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BBC NI's Gordon Adair reports
on the disruption caused by the weather
 real 28k

Tuesday, 27 February, 2001, 17:50 GMT
Severe weather conditions hit NI
Progress on the motorways were slow for commuters
Progress on the motorways was slow for commuters
Strong winds and heavy snowfalls have brought down power lines and caused widespread travel disruption across Northern Ireland.

Northern Ireland Electricity has defended its handling of power cuts which have affected more than 70,000 homes, mostly in the east of the province.

The Meteorological Office has issued a severe weather warning forecasting more snow and gale-force winds later on Tuesday.

NIE restored power to 10,000 customers on Tuesday morning, but said it could not guarantee that everyone would be reconnected by the end of the day.

Speaking in the assembly on Tuesday, economy minister Sir Reg Empey said that he intended to conduct a 'post mortem' with NIE when the current emergency had passed.

There has been criticism of the company's staffing of its emergency helpline on 08457643643, on which many customers have only been able to get a recorded message.

Snow ploughs worked through the night to try to clear roads
Snow ploughs worked through the night to try to clear roads
Sinn Fein assembly member John Kelly said NIE had promised that the problems in their customer call handling system which accompanied heavy snow falls last December, had been eradicated.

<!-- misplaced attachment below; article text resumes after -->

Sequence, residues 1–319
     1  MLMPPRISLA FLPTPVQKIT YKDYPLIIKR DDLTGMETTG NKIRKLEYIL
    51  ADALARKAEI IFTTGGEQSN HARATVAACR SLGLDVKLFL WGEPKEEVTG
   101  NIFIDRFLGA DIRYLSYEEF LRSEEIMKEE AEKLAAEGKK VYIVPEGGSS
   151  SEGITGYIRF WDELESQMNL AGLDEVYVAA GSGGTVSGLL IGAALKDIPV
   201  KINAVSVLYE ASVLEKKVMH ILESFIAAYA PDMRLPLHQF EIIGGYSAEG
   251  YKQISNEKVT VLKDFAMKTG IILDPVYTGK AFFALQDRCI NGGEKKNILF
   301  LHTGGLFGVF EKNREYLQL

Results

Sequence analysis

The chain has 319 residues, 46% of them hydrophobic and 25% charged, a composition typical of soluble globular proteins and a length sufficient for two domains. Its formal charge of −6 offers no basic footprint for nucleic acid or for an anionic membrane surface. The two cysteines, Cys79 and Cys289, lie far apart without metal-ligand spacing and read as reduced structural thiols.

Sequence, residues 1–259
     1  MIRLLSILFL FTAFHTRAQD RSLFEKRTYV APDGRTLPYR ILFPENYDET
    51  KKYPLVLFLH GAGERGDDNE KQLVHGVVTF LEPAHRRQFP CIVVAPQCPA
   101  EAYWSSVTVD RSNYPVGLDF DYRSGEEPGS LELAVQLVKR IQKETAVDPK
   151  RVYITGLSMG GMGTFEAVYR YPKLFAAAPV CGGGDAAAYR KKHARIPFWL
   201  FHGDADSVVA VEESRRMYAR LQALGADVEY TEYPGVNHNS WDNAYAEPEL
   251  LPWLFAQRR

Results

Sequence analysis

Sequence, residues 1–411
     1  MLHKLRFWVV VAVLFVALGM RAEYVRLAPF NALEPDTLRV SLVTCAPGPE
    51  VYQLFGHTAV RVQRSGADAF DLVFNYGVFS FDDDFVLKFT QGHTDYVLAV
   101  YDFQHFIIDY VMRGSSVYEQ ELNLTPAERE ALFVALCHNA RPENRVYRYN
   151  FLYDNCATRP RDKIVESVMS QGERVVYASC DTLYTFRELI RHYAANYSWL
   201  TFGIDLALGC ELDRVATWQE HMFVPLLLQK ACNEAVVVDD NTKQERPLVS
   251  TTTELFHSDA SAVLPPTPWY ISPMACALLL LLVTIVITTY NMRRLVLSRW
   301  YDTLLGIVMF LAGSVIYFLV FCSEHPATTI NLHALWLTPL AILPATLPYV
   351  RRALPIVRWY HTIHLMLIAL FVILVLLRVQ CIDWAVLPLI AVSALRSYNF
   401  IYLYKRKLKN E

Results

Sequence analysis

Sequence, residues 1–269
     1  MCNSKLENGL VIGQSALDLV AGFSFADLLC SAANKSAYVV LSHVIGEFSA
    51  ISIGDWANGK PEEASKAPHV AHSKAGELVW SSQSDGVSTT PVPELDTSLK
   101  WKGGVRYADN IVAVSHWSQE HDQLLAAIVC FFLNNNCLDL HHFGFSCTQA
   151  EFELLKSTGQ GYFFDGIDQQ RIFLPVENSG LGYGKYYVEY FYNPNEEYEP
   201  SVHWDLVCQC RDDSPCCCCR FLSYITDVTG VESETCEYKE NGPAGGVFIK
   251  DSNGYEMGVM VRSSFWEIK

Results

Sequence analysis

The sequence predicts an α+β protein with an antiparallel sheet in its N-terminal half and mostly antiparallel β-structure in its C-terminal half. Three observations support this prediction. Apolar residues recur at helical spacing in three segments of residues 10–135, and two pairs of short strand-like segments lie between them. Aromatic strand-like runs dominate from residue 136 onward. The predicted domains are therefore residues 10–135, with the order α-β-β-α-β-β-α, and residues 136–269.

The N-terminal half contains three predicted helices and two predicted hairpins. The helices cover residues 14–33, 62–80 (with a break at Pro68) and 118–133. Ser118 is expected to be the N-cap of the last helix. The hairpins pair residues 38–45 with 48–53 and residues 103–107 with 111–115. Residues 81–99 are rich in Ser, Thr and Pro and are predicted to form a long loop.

The company spent 80m refurbishing the electricity network and 12m improving its customer services, 5m of which was on its call handling system.

However, NIE spokesman Robin Greer asked customers to be patient.

He said: "The combination of widespread snow and high winds has caused widespread damage to the network.

"We are doing everything possible to restore services, but we can't cope with a deluge of calls."

Flights cancelled

Meanwhile, Regional Development Minister Gregory Campbell said his department was doing its best to cope with the road difficulties brought on by the bad weather.

Mr Campbell said it was not always possible to guarantee access on every road.

He said that main roads in Northern Ireland were continuously re-salted during the night.

Many flights at both Belfast International and Belfast City airports were cancelled.

At the ports, Stena Line has suspended all of its sailings until further notice. Seacat also cancelled some services.

Exams disrupted

The police have warned that driving conditions are still hazardous in many areas and advised people only to travel if necessary. Many routes remain impassable.

Disruption on the roads was being compounded by fallen trees.

The bus and rail company Translink said there were delays on most of its services.

Dozens of schools were closed for the day. At some schools the weather caused disruption to exams.

Alastair Walker of the CCEA examinations body said it was asking schools to be flexible about their arrangements and allow pupils who had arrived late to school time to take their tests.

David Orr of the Road Traffic Service said snowploughs and gritters were working to keep as many roads as possible open.

The two main motorways the M1 and M2 were said to be passable with care.

Scotland and the Republic of Ireland have also been hit by the severe weather.

Up to 30,000 people are without electricity in Counties Louth, south Meath and north Dublin and Dublin all flights have been cancelled out of Dublin airport.

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See also:

27 Feb 01 | Scotland
Snow-hit Scotland grinds to a halt
28 Dec 00 | Northern Ireland
NI warning over 'treacherous' roads
26 Feb 01 | Northern Ireland
Suspicious object found on rail line
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